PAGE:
French energy major EDF on Friday said it has made a final offer to the Nuclear Power Corporation of India (NPCIL) on building six nuclear reactors at Jaitapur in Maharashtra, setting the stage for discussions on a framework agreement.
Describing the development as a “major step forward” for the Jaitapur civil nuclear project, French ambassador Emmanuel Lenain said: “The French energy company EDF has submitted [its] final offer to build six EPR reactors in Maharashtra. This would be the largest power plant in the world and it would provide safe, reliable sustainable energy to up to seven crore households.”
The binding techno-commercial offer to supply engineering studies and equipment for building six European pressurised water reactors (EPR) was made by EDF on Thursday, and it will “enable discussions aimed at converging towards a binding framework agreement in the coming months”, the French embassy said in a statement.
The final offer is a follow-up to the Industrial Way Forward Agreement signed by the two sides in March 2018 in New Delhi and to non-binding proposal submitted by EDF at the end of 2018.
EDF’s final offer includes the detailed technical configuration of the reactors, taking into account information provided by NPCIL on the Jaitapur site conditions and the joint work done by the two organisations, and the associated commercial terms and conditions for supplying engineering studies and equipment for six reactors, the statement said.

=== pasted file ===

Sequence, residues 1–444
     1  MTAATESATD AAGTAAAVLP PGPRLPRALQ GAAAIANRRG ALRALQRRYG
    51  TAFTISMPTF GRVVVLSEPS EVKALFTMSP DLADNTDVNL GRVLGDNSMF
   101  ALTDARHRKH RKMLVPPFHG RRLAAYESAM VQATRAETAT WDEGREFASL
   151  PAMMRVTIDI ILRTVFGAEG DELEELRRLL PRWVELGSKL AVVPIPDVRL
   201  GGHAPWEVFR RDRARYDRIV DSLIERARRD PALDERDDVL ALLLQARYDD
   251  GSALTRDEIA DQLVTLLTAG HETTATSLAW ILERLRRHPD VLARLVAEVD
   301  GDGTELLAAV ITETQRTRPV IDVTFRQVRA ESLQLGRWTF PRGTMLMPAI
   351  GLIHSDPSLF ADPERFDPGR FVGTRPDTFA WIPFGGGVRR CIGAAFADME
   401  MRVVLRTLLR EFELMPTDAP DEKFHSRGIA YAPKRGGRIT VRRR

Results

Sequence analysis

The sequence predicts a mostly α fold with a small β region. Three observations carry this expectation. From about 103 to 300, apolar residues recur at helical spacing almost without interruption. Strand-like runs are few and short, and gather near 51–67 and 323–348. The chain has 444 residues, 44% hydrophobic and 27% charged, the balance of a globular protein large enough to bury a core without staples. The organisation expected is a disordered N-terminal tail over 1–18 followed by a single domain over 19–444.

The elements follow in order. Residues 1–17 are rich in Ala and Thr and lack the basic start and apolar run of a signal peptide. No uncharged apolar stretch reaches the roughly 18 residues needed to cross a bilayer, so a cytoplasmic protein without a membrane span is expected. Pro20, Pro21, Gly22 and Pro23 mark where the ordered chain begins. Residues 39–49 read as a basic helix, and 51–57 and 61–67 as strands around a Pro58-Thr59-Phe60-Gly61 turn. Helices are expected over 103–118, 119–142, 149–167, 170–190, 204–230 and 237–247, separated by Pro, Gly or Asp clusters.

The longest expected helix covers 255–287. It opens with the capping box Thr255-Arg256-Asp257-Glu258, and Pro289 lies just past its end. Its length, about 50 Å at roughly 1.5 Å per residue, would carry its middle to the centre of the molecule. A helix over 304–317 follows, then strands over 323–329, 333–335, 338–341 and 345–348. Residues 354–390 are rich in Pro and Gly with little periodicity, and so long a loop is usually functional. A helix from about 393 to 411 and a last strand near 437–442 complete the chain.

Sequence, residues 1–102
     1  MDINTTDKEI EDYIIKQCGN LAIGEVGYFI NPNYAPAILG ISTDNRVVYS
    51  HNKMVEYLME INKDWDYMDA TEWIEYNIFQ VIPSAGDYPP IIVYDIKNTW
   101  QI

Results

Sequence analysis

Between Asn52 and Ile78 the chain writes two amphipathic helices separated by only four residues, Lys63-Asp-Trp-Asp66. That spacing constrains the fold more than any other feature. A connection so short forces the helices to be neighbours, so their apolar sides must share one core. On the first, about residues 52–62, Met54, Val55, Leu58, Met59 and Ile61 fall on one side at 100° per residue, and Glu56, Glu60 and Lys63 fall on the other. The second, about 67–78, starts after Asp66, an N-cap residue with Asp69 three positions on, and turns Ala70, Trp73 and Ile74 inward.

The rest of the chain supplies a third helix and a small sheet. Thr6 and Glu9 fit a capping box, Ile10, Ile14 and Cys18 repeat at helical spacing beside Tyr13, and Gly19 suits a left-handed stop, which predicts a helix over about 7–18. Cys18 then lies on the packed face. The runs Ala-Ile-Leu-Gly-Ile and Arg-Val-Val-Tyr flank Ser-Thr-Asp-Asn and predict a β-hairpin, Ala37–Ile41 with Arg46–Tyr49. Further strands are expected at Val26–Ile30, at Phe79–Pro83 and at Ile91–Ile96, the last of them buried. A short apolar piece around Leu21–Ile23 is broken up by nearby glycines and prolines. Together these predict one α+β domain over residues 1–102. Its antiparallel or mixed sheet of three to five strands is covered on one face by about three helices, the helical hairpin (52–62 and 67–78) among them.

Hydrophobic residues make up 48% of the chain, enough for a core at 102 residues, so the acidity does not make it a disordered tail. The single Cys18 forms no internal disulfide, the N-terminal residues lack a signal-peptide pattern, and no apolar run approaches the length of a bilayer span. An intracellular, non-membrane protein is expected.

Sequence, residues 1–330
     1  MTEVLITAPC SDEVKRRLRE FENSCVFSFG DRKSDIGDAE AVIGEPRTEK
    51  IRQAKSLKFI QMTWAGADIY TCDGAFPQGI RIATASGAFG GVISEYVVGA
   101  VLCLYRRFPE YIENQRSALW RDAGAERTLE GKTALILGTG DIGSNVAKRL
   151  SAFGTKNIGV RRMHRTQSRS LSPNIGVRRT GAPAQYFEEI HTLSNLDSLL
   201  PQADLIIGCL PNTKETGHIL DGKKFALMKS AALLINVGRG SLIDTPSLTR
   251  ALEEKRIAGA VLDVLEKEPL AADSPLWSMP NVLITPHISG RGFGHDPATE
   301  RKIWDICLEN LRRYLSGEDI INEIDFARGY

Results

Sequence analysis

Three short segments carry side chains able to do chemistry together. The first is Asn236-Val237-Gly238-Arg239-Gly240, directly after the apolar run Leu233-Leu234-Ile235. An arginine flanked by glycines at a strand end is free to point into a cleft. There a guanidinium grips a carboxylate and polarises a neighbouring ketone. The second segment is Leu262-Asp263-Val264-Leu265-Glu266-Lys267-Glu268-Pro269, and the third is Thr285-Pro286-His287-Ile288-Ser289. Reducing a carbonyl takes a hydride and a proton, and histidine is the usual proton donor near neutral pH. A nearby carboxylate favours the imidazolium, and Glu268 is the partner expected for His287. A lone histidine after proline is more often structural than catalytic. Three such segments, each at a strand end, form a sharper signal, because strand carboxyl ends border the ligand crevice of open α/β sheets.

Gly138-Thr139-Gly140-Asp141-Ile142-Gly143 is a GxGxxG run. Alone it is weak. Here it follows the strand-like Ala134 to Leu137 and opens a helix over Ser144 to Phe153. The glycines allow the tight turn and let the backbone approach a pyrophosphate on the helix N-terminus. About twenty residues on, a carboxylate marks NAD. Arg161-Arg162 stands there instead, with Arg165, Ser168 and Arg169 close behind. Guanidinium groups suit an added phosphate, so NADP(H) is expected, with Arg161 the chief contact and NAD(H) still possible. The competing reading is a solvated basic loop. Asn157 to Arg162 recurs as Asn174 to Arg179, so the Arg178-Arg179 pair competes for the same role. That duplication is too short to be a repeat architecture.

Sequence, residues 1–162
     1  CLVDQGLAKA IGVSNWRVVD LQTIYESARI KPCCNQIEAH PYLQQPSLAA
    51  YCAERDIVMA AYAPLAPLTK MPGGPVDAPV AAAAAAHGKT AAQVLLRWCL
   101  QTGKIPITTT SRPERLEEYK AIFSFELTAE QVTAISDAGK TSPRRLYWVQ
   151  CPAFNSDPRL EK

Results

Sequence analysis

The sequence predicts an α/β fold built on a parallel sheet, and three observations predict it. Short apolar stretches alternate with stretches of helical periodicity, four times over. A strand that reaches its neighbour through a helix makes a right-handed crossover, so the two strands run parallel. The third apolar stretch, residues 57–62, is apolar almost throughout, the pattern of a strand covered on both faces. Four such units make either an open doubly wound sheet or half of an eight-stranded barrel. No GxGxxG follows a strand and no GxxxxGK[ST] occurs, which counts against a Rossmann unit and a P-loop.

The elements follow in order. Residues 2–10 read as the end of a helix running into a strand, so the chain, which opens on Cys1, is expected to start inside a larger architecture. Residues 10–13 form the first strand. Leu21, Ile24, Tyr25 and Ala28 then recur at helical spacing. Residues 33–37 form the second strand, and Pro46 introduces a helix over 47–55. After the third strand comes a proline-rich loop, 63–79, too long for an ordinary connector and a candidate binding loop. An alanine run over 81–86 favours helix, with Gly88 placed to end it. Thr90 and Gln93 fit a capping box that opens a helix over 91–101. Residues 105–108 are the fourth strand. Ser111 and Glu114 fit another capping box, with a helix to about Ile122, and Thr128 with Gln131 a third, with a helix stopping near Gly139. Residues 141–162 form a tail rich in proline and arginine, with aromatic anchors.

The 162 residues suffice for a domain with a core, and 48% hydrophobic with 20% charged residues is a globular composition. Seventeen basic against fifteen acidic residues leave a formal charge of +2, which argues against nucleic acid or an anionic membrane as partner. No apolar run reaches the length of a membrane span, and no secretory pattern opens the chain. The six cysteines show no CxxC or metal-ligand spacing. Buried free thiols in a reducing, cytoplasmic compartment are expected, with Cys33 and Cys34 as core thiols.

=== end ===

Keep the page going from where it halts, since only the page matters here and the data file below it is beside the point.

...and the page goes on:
The French firm will guarantee the performance of each of the reactors under specific conditions and for a predefined period of time, and also offer training for NPCIL’s operating teams.
NPCIL will be responsible for construction and commissioning of the reactors and for obtaining all necessary permits and consents in India, including the certification of the EPR technology by the Indian safety regulator.
Lenain said in keeping with the “Make in India” initiative, more than 200 Indian companies have been identified to work on the nuclear power project.
EDF will also launch a pre-feasibility study along with the International Institute of Nuclear Energy (I2EN) and Veermata Jijabai Technological Institute (VJTI) for establishing a centre of excellence in India to train engineers and technicians and to support the development of the necessary set of skills for the project.
The project is expected to create around 2,700 permanent jobs and generate economic benefits for the French nuclear industry over its entire duration of about 15 years. The Jaitapur project, with an installed capacity of 9.6 GWe, will be the most powerful energy plant in the world and generate up to 75 TWh a year. This will cover the annual consumption of 70 million households while avoiding the emission of 80 million tons of CO2 a year.
“This key milestone has been achieved thanks to the trust-based relationship built over time with our Indian partner, and the excellent collaboration and continuous efforts of the EDF and NPCIL teams,” said EDF Group’s chief executive Jean Bernard Levy.